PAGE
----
What makes a school, in your language, "stink?" Is it because the school takes on the challenges of providing an education for ALL students? A school is more than test scores. There are many good things going on in neighborhood schools. There are also problems in neighborhood schools that KIPP will never face because of their admission/retention policies. At the "Renaissance" charters (Olney Stetson and Gratz) they have dealt with "difficult" students by creating in school discipline schools/programs. "Non-compliant" students are physically separated from other students. Some people think this is great. Others wonder if this violates I.D.E.A.

Submitted by Ms.Cheng (not verified) on July 14, 2012 7:13 am

A distinction needs to be made between a school that "stinks" and one that is overburdened with special needs (including insecure, attention needy, emotionally injured) children. Many factors affect academic learning. The first one is parental involvement and parental awareness (affected by level of education). Here the charters enjoy a "screening" advantage, because parents actively have to enroll their children. These parents also want to avoid the behavior issue children.

Special Ed $ contracted out by Chester Community Charter is a major reason for Chester Upland District's bankruptcy. It was also a major reason they had grounds to sue the State for money to keep operating. In terms of how best to get services to those Sp.Ed. students, operating factors such as "in house" vs "contracted out" must be considered. In this case, charter works against efficient use of taxpayer $.

What is scary is that the per student expenditure of Chester Community Charter School is about $13,000 of which 40% goes to Mr. Gureghian's operating organization. If students are fairly well behaved, it seems legal requirements for class size and an enrollment of over 2000 (both CCCS and Central HS have) allow expenditures of less than $6000 (Central HS (includes Gifted IEP)) per child. Central is like a mass production factory, where kids are packed in classes to the legal limit, and many teachers (though impressively, are spread thin in order to) teach in more than one subject area. You could say this school "stinks" because individual attention is very hard to get.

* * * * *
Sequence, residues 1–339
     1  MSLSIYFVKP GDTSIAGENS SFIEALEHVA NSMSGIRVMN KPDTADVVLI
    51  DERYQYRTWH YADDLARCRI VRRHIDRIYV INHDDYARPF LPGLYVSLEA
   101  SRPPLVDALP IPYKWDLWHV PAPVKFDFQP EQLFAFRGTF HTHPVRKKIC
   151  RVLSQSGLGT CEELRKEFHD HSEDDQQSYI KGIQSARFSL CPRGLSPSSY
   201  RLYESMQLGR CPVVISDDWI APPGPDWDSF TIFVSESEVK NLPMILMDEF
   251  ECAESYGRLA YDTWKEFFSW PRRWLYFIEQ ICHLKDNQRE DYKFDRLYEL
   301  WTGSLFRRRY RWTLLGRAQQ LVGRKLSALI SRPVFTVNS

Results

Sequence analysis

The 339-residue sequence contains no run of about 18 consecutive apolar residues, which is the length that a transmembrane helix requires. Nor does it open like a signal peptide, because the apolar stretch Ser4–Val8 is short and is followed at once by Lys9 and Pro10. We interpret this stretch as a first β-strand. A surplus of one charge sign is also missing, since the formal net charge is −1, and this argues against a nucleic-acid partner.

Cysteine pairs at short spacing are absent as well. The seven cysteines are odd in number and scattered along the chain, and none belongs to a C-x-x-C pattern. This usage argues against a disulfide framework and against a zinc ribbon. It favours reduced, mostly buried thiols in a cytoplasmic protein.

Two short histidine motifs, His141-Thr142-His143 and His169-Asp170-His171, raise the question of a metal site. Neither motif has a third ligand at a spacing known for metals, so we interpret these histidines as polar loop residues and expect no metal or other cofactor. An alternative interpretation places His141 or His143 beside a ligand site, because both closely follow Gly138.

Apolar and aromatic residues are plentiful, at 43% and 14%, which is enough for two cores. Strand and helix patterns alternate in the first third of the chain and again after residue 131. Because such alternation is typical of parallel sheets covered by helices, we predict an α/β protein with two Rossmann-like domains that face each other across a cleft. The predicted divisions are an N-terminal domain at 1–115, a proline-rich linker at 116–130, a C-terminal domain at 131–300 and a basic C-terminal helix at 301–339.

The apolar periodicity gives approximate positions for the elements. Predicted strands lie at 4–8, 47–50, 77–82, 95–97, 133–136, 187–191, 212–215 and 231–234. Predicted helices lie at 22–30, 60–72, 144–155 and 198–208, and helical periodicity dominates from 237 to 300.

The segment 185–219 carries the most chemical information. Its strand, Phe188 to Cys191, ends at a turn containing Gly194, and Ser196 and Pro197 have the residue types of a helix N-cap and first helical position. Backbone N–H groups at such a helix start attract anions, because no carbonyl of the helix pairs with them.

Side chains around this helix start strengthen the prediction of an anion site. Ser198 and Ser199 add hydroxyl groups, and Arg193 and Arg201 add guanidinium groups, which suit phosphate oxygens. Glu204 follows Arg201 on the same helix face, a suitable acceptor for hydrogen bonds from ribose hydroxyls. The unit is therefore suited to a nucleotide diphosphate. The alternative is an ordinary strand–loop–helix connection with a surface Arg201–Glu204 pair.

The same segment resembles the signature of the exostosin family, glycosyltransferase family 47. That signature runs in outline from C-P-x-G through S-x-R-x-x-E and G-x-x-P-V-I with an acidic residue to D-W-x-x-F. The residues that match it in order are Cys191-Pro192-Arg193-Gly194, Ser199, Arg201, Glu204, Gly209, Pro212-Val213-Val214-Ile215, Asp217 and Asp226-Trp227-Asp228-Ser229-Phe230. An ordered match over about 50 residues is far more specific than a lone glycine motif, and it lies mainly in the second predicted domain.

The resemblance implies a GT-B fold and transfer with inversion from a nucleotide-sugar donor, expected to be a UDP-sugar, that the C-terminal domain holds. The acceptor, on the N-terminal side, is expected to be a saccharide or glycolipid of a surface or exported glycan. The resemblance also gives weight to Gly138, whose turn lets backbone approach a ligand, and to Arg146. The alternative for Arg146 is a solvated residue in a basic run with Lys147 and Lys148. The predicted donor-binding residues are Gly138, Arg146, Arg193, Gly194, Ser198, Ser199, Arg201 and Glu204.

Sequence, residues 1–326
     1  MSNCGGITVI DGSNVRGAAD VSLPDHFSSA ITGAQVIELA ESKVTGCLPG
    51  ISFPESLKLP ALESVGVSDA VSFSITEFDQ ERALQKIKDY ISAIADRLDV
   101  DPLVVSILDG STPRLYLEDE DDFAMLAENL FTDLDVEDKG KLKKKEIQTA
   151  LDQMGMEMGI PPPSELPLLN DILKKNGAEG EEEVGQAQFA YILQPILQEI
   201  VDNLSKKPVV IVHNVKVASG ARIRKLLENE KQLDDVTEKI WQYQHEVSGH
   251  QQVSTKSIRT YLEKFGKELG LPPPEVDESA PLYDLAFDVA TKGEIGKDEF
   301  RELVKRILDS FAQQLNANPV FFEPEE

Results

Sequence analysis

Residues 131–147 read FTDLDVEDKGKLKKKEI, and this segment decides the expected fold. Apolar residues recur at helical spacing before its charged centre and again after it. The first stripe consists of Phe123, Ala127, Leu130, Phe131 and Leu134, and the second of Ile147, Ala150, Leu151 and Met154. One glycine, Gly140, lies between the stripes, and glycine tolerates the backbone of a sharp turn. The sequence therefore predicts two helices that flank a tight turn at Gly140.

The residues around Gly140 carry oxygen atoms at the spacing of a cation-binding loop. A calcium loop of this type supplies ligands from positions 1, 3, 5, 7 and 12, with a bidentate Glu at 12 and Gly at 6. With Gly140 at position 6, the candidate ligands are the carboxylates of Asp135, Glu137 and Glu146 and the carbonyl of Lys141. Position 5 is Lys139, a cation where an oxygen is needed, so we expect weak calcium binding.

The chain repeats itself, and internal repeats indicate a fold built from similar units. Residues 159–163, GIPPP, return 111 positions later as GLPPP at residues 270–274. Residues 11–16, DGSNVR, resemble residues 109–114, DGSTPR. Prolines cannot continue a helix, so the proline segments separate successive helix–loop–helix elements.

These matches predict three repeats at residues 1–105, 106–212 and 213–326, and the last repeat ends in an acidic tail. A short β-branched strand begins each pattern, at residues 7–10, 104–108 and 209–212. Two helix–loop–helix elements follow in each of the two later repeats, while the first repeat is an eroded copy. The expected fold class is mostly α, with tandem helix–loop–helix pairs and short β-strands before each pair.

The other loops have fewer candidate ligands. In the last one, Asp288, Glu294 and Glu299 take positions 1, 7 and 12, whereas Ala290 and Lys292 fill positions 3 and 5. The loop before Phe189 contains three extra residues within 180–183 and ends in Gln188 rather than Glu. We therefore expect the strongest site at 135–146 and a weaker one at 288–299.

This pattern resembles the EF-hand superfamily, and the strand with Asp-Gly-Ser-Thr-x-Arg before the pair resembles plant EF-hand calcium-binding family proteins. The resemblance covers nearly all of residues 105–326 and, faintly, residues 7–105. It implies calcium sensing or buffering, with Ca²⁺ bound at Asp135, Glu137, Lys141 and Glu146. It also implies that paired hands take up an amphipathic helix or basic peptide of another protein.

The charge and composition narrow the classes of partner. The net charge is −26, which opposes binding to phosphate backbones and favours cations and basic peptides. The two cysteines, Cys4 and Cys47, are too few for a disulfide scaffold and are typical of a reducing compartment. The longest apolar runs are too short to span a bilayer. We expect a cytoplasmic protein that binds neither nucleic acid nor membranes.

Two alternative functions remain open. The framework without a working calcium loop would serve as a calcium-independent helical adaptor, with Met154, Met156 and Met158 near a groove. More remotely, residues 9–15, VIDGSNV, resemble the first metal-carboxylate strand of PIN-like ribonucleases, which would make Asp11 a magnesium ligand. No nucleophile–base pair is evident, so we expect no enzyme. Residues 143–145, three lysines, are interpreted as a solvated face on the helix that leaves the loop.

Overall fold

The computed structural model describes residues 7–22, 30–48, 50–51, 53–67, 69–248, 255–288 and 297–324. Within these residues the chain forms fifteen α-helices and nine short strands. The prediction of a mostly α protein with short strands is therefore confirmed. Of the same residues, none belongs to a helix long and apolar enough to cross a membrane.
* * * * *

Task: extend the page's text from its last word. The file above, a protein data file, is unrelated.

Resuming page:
Submitted by Frustrated Teacher (not verified) on July 14, 2012 9:15 am

Imagine if Central HS had no admission requirements (which are extremely high and rigid) and still had students "packed" into classes. Also, many Philadelphia high school teachers have 3 preparations - some have more. (I don' t know if this is true at Central.) Then, have a school where few parents are involved - for whatever reason - and then judge the school by test scores where students enter 9th grade often many grade levels behind. These are not excuses - they are realities. The parents involvement is key.

Another issue with some charters is teacher turnover. While I realize some charters, especially those aligned with Teach for America, do not care about teacher retention. But, schools which require 24/7 by teachers (e.g. KIPP) lose teachers when they realize they can't balance their family obligations (e.g. children) with the job load. It is very disconcerting when I'm expected to do so much for my students that I have no time left for my own children. Then I'm considered a disengaged parent.

Submitted by Ms.Cheng (not verified) on July 14, 2012 9:27 pm

A lot of teachers are caught in that dilemma: being responsible for the care and education of many children at the expense of caring for their own. It is a different discussion though highly and deeply relevant of how we value childcare in our society.